Detention is imprisonment says Natasha Walter, director of Women For Refugee Women
“Welcome to Yarl’s Wood,” says the sign on the wall of the detention centre in Bedfordshire. Whenever I visit, I find it extraordinary that this country welcomes some of the most vulnerable women who come to our shores by locking them up in what is, effectively, a prison.
'Fatima' came to the UK recently as a refugee from Sudan after travelling through Libya, the Mediterranean and Calais. She told us that she had been through a “journey through hell”, and when she was taken to the detention centre at first it felt like paradise. “There were beds and warm showers. It was only gradually we understood that we could not leave or go out. We realised it was a prison. This was terrifying.”
Many people believe that detaining people in places like Yarl’s Wood is just an administrative issue. They might believe that it isn’t too hard on the women themselves and that it's necessary so that we can control our borders effectively. But these beliefs do not stand up to scrutiny.
Detention is imprisonment, and just as you or I would suffer if we were locked up without knowing when we would be released, so do the women we meet in Yarl’s Wood. What’s more, most of the women we have spoken to are already victims of sexual violence and torture in their countries of origin. Being locked up again in the UK only exacerbates their trauma.
For instance, 'Margaret' was raped over many weeks in prison in her home country, the Democratic Republic of the Congo. She fled to the UK for safety but was locked up in Yarl’s Wood. In the detention centre she was put on suicide watch, and was watched day and night by male staff. She found herself constantly reliving her experiences of her torture at home. “Being locked up here is a torture in my head," she told us. You can watch Margaret’s story here.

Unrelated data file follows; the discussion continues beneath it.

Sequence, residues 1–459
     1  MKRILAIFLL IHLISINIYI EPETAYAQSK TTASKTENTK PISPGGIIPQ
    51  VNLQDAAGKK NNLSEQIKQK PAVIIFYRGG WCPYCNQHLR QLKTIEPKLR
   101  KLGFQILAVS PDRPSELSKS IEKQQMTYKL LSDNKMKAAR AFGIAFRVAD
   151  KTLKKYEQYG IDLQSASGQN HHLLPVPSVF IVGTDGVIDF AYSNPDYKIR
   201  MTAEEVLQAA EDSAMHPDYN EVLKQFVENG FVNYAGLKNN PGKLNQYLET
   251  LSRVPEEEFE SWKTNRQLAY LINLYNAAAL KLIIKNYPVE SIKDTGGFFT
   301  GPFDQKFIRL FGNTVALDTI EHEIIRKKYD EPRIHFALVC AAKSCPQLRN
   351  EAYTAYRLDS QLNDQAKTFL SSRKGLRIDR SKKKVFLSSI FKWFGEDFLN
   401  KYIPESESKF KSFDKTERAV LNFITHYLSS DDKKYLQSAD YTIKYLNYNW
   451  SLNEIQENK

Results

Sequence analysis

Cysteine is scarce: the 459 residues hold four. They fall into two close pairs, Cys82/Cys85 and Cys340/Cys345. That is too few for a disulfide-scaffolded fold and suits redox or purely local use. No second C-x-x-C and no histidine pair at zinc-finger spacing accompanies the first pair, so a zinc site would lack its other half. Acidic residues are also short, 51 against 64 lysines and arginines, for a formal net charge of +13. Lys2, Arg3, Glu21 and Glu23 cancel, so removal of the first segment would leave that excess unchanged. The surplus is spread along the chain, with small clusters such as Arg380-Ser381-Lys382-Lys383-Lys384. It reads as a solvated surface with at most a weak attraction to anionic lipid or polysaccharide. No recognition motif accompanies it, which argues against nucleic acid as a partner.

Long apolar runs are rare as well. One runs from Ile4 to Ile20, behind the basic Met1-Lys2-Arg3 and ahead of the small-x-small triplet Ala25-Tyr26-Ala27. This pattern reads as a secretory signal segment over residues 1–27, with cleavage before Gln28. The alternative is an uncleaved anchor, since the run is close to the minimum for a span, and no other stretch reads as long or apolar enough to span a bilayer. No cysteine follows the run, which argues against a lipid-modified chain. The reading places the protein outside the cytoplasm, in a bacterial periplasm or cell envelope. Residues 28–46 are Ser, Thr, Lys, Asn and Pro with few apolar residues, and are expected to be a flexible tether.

Many of the women we visit tell us that they are self-harming and trying to kill themselves while they are locked up. In one sample for our research report I Am Human, we found that out of 35 women, 40% said that they had self-harmed in Yarl’s Wood.
Detention is not only traumatic for individual women, it is also completely unnecessary in the asylum process. Although the government says that detention is only used prior to removal, only a quarter of asylum-seeking women leave Yarl’s Wood to be removed from the country – the rest re-enter the community in the UK, their detention having served no purpose. As the Women's Equality Party's objective to end detention points out, women’s asylum cases can be heard much more efficiently – and more cheaply – while they are living in the community.
We have been particularly concerned about the situation of pregnant women in Yarl’s Wood; in 2014, 99 pregnant women were locked up in the centre. The poor healthcare and the stress of detention make the experience particularly hard for pregnant women. And their situation really brings home how pointless detention is: only nine of these 99 women were deported from the country at the end of their detention – the rest re-entered the community to continue their immigration cases.
We at Women for Refugee Women have been campaigning to challenge the detention of women since January 2014. We have seen some great positive steps. When we started the campaign, male staff were watching women on suicide watch in intimate situations such as in bed or in the toilet; now staff guidelines state that male staff should not watch women.
When we started the campaign there was no mention of survivors of sexual violence in the categories of people deemed unsuitable for detention; now a new policy states that those who have “been a victim of sexual or gender-based violence” should be seen as vulnerable and should not usually be detained. And a new time limit on the detention of pregnant women has just been agreed by the government. This will mean that pregnant women can only be detained for up to 72 hours, which is a real step forward.
What we need now is to build on these first steps so that there is genuine progress for women seeking asylum. Even today vulnerable women, many of them survivors of sexual violence, are being locked up for weeks and months at a time. This is an expensive, inefficient and unnecessary practice which is extremely traumatic. We need to work together to challenge this, and begin to provide a real welcome for refugee women in the UK.